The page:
November 30, 2018

Is your doggy scratching more than usual, or licking or chewing particular areas of their skin? Maybe you’ve noticed that their coat isn’t looking quite as bright and shiny as normal? This article offers some hints and tips to help you spot and address the signs of problem skin.

At Lintbells, we’re a team of dog-lovers and we regularly speak to people who are worried about the condition of their dog’s skin.

We’re passionate about helping your pooch feel their best. Here are the top concerns our customer service team often come across, along with hints about how you can help, and when you should consider visiting your vet to get things checked out:

1. General scratchiness

It’s not surprising that dogs get itchy. They have a coat that snags foliage, bugs, and other undesirable creepy-crawlies, and they can easily pick up mites or fleas that bite and irritate the skin. We all know what it’s like to see our dogs frantically scratching, and even chewing or biting the area that’s bothering them. This scratching should be addressed as soon as possible to avoid the skin breaking.

What you can do: Keep your dog’s coat trimmed if they have long hair to avoid it picking up half the hedgerow on your evening walk. Regularly check them over for ticks and other bugs that you can see and give them a brush to try and get rid of anything you can’t. If your dog scratches a little too enthusiastically, consider applying a soothing cream like our YuCARE skin cream to avoid more serious problems.

When to visit your vet: Always investigate the area your dog is scratching. If the skin is red, discoloured, swollen, or doesn’t look like the surrounding skin, you may need to take further action. (Also remember your vet is a great help in keeping flea treatments up-to-date!)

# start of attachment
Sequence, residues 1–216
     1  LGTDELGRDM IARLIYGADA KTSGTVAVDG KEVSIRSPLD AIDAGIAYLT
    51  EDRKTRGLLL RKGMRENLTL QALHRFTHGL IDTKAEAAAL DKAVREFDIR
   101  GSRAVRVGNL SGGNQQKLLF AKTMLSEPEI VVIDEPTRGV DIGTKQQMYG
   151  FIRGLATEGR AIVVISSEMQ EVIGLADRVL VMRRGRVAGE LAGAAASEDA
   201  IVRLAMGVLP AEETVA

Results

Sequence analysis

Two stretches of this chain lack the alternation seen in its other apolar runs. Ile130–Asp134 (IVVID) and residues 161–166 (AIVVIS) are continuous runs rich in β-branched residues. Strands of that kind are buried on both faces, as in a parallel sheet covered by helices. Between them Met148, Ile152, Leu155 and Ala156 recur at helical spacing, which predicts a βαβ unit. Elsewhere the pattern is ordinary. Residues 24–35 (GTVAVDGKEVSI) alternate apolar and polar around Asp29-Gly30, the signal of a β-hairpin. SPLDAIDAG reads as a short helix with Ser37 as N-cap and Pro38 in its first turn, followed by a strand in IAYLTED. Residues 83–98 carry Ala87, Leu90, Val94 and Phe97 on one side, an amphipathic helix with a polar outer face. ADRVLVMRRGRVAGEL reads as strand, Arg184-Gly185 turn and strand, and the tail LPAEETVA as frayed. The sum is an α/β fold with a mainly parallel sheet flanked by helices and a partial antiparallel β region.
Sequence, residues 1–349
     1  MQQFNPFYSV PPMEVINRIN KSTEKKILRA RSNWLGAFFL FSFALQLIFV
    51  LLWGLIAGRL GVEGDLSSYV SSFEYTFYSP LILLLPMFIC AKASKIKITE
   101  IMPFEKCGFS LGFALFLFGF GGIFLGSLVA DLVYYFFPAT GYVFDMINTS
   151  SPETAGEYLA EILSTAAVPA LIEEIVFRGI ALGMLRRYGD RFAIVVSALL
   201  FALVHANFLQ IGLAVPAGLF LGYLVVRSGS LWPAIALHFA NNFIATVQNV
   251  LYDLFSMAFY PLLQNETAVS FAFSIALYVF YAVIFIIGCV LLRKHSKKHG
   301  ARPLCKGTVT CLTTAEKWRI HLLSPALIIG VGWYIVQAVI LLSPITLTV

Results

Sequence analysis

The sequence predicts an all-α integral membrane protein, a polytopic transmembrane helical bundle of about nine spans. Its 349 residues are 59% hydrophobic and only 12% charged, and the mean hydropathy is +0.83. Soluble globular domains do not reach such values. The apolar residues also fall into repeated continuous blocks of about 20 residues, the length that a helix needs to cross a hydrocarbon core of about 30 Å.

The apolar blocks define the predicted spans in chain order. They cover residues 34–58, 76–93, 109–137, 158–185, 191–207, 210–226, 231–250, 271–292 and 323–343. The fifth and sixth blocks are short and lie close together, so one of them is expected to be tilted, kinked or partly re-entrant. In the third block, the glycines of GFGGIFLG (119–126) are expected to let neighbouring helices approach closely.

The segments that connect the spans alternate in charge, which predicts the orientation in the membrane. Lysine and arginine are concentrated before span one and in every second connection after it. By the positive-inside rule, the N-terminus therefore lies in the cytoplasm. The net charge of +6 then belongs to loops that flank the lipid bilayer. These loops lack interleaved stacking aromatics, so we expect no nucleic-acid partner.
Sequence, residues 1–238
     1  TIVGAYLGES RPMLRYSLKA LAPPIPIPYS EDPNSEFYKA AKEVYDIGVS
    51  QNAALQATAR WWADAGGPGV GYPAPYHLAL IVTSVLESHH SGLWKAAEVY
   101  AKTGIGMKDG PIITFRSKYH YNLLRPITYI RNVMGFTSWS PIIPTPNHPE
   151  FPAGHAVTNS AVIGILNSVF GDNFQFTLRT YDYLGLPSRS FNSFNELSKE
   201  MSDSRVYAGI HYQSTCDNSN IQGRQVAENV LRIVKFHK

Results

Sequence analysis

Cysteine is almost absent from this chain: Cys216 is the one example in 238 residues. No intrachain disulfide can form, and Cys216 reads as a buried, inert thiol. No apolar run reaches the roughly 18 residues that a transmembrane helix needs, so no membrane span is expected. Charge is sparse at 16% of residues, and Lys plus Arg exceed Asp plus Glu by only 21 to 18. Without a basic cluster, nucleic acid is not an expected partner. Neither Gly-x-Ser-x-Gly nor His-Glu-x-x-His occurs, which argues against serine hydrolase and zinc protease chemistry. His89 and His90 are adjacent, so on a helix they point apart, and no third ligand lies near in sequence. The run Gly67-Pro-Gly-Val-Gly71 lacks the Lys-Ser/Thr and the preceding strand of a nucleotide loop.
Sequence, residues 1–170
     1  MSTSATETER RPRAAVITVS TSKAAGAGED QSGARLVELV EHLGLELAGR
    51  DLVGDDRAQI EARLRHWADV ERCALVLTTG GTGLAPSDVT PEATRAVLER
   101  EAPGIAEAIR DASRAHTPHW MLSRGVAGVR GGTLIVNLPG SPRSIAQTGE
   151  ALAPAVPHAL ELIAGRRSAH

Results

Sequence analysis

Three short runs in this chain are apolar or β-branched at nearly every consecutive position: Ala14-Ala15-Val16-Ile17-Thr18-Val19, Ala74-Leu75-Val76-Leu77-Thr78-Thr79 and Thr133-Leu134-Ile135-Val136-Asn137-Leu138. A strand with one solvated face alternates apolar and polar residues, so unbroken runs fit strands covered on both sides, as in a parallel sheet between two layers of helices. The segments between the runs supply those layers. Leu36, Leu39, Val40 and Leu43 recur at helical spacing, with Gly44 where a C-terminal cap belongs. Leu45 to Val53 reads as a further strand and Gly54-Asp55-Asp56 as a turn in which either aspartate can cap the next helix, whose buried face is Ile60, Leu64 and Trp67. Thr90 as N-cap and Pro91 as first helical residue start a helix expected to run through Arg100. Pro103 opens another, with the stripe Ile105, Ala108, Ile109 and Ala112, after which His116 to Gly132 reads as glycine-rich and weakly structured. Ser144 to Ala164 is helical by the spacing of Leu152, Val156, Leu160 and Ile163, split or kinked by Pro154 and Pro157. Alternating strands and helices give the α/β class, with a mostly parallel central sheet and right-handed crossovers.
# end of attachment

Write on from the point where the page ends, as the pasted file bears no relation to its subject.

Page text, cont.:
2. Allergies and digestive issues affecting the skin

Some dogs have food allergies, just like their humans. If you’ve noticed that your dog has recently become more prone to scratching or their skin condition has changed noticeably, it could be that they’ve eaten something that has triggered a reaction. Food allergies can have a range of other consequences, so the sooner you can help your pooch out, the better.

What you can do: Think about whether you have changed anything in your dog’s diet recently. Might they have been given food that’s not part of their usual diet at the kennels or by a dog sitter? If you can trace this, you could be able to solve the itchy-dog mystery. If not, you could try cutting things out of the existing diet for adjustment – it’s a long, slow process, but worth.

When to visit your vet: If your dog suffers from a clear allergic reaction to something they have eaten, take them to the vet straight away – just like humans, allergic reactions should be taken seriously. If you have retraced their diet and adjusted their food but your dog is still continuing to scratch and their coat is dulling, you may want to visit your vet for advice.


3. Your dog and the outside world

Dog in flowers

As well as food, your dog can be allergic to things found in their environment. For example, some dogs are allergic to flea bites, so may have a reaction where other dogs will not. Similarly, your dog’s skin can be affected by pollen which can create a horribly persistent itch. Read our blog on how to help your dog if you think they have a pollen allergy as this can affect them all year round.